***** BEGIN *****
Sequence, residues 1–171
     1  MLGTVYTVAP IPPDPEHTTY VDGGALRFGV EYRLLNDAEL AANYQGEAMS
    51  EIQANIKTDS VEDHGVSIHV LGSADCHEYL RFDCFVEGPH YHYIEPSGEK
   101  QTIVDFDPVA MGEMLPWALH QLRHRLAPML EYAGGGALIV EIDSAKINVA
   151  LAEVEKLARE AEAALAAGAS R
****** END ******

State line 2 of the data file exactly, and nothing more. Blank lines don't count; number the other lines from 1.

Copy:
     1  MLGTVYTVAP IPPDPEHTTY VDGGALRFGV EYRLLNDAEL AANYQGEAMS